To get started, we need to export Sysmon events first to an XML file using WEVTUtil (I could have designed the tool to connect and retrieve the logs from the server directly, but for so many reasons related to security and stability and “Please do not touch my production”, I decided that exporting them to a file is a far better and safer approach)

WEVTUtil query-events “Microsoft-Windows-Sysmon/Operational” /format:xml /e:sysmonview > eventlog.xml

Once exported, run Sysmon View and import the generated file “eventlog.xml” (or the name you selected), please note that this might take some time, depending on the size of the log file (this needs to be done once per log file, subsequent runs do not need any imports, just use the command File -> Load existing data to load previous data and work with it again)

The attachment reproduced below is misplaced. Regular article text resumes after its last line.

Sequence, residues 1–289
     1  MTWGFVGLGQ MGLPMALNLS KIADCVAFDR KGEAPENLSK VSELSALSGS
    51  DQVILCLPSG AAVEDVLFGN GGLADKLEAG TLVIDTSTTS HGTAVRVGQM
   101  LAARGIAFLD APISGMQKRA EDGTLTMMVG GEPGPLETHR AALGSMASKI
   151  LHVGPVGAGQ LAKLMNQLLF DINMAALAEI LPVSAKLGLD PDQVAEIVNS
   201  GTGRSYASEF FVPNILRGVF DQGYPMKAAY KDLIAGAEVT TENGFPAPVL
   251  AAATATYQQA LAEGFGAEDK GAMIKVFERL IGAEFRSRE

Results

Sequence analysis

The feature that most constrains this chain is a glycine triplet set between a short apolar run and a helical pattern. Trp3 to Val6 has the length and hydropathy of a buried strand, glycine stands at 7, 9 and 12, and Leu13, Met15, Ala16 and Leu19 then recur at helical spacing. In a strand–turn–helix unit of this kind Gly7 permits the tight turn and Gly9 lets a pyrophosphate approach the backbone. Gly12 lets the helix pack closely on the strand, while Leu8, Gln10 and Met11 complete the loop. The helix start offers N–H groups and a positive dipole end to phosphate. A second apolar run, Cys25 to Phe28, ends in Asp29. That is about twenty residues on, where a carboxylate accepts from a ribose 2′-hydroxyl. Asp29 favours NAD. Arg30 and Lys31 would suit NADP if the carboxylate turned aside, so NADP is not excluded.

Sysmon View will build an internal database that I will discuss its structure in upcoming posts and how to utilize its content, which by the way is a SQLite database.


Once the log file is imported, you can start searching through the collected binary images, which can be easily filtered



Double clicking any of the binary images will show the path location(s) reported by Sysmon, which will help in identifying anomalies in path location at this stage


Double clicking an image path entry will cause the tool to collect all sessions (again, this is the process GUID in action) for that image entry that was running from that location